The English language, in the United States at least, is in free fall. Everywhere – in newspapers, periodicals, online stock market analyses, health reports, television news, you name it – usage mistakes have polluted the language at a rapid rate over the past, say, decade.
I simply don’t remember encountering these glaring errors in decades past. Has people’s command of the basics of English declined like the stock market in a recession, or have I become obnoxiously punctilious about the mechanics of writing since my nine-year stint as a magazine copy chief? Don’t answer that.
It’s probably both. But if that’s the case, where the heck was I when some of the jarring grammar foibles I see frequently today were popping up?
Actually, I don’t see how I could have been unaware of the butchering of a particular phrase that occurs all too often these days. I refer to the between … and phrase, which is increasingly appearing as between … to. What am I talking about? Here’s an example:
In Steve McDonald’s Bond Advantage newsletter of May 2, this sentence appears: “But it expects to increase earnings between this year and next between 4.5% to 14.5%. McDonald is a smart guy, and he probably didn’t write that; it likely was his copywriter.
What’s odd is that the phrase was used twice, correctly the first time but incorrectly the second.
Ladies and gentlemen, you can’t have between X to Z, between something to something – any more than you can have your cake and eat it, too. It just doesn’t make sense. Can’t the writers of these abominations hear how jarring that is? It baffles me almost as much as people’s support for that enormously incompetent and immoral cretin we have for president. Between … to sounds like the broken English of someone whose native tongue is another language and is in the rudimentary stage of learning English. The preposition between indicates that two items are in play, and when you join two items, the connection is via the conjunction and, not the preposition to. The latter goes with the preposition from: The storm system extended from Miami to Key West.
Here’s a good explanation from Penn State:
Between … and / From … to. These combinations are not interchangeable, but many writers mistakenly combine “between” with “to” and “from” with “and.” When defining two or more end parameters, “between” is most effectively linked with “and”; “from” most effectively linked with “to.”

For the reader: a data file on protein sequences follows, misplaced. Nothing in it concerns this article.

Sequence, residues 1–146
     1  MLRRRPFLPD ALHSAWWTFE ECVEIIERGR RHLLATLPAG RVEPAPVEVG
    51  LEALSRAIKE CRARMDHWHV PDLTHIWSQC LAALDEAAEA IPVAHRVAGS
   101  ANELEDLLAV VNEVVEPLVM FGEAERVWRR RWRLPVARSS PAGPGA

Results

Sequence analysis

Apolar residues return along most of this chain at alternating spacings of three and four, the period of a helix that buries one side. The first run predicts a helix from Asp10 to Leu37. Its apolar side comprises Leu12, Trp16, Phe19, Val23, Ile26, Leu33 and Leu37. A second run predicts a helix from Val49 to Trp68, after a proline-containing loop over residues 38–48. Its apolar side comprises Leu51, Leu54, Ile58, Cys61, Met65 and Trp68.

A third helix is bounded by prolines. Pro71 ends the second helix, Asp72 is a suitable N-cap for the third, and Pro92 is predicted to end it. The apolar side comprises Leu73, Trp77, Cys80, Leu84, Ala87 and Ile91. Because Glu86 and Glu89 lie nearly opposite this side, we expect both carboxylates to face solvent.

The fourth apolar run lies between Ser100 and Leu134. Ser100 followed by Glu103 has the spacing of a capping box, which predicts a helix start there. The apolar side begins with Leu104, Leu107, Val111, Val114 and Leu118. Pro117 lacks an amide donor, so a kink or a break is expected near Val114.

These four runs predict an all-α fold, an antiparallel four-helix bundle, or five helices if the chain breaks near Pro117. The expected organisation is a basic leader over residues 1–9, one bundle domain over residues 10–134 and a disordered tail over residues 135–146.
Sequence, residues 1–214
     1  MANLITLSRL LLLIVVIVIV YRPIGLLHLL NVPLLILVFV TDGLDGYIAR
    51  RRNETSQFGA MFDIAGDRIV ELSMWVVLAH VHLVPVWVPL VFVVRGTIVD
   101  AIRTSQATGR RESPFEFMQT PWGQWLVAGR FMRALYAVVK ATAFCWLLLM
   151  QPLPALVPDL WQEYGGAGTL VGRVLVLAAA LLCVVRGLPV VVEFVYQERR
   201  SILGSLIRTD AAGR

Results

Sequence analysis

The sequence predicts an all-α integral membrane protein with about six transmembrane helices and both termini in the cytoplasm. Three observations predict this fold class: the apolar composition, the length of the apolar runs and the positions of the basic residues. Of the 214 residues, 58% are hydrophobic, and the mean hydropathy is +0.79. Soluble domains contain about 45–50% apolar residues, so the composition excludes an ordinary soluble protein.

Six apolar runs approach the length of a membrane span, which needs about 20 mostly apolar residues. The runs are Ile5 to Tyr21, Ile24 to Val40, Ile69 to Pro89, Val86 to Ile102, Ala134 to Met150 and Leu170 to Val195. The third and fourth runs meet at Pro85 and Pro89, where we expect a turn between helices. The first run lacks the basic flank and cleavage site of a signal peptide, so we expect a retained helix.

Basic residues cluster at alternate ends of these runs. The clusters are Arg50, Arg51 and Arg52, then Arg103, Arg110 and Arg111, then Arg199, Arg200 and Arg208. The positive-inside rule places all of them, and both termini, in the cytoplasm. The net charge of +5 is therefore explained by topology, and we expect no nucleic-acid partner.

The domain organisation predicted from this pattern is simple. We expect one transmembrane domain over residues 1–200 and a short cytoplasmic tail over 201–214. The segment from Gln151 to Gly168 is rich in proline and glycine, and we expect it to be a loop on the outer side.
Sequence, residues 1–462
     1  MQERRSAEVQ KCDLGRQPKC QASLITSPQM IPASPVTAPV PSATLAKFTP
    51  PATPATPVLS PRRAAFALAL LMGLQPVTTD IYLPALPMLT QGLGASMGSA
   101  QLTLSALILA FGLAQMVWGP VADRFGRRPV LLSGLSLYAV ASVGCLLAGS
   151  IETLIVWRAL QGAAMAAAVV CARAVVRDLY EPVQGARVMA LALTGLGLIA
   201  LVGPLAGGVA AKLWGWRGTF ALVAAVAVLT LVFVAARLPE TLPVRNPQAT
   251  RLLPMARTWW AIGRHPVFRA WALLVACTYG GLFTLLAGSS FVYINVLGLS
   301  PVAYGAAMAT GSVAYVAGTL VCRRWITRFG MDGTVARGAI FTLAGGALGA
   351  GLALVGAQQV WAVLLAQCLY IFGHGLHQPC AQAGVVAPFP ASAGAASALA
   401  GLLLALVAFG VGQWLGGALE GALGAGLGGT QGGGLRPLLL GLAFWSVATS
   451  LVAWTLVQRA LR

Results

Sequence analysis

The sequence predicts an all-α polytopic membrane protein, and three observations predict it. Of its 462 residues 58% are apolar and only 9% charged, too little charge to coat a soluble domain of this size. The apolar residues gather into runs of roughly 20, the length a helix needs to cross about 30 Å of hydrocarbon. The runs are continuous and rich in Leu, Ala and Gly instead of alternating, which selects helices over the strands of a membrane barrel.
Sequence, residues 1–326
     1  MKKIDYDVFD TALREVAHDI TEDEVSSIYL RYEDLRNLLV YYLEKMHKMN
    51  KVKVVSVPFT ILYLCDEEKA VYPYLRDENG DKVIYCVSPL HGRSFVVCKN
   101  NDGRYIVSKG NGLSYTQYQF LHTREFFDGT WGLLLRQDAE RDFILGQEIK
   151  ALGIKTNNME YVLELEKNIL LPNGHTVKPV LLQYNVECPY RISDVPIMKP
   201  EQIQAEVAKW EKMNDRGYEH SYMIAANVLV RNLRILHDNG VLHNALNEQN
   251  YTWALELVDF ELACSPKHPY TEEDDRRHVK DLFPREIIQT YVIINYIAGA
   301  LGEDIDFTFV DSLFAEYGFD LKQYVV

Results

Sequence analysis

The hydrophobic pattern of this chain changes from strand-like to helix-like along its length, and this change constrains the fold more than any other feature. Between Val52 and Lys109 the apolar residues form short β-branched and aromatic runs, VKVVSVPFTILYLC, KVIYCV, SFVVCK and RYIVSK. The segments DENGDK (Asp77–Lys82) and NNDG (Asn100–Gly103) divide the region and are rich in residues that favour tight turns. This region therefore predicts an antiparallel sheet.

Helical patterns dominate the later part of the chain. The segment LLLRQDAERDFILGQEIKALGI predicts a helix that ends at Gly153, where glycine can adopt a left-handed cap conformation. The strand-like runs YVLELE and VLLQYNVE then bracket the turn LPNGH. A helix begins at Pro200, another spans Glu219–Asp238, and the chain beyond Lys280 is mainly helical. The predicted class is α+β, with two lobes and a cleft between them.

Webster’s New World Collegiate defines between with examples: (1) in or through the space that separates (two things) (between the house and the garage) (2) in or of the time, amount or degree that separates (two things); intermediate to (between blue and green).
Notice that and is the word connecting the items in each example? It wasn’t between the house to the garage, nor between blue to green. I’m sorry for people who can’t hear how awful that sounds. They are simply tone deaf.
Grammar Gone Bad
The bond newsletter error was the only incidence I have saved of late, but I’ve seen it a number of times in newspaper stories, and heard it not long ago on a cable TV news program. These print and broadcast utterances are by credentialed newspersons. They are the ones who set the example copied by young people and foreigners alike who are trying to improve their English language skills.
A writer should never make such a mistake, but a copy editor should never let it slip by. The problem with newspapers these days is that economics have forced them to pare their staffs to the bone, and copy editors simply don’t read a lot of stuff that goes through, I’m convinced.
This decline in facility with the English language is borne out not just on the local level, but is revealed in national media, as well. My eyes fairly popped out when I came across this Associated Press story in the Palm Beach Post (AP serves news media across the globe):
“Negotiators were still working Tuesday on how to pay for the expanded tax breaks, though Republican lawmakers were optimistic that a deal was eminent.” Did you just fall off your chair, as I almost did when I read that? An AP reporter writing out of Washington, D.C., on an activity in the U.S. Congress, and hesh (my gender-neutral pronoun) doesn’t know the difference between eminent and imminent? (Notice I wrote between/and, not between/to. Lordie, why should I have to point that out?)
All right, the rant is over – until next time.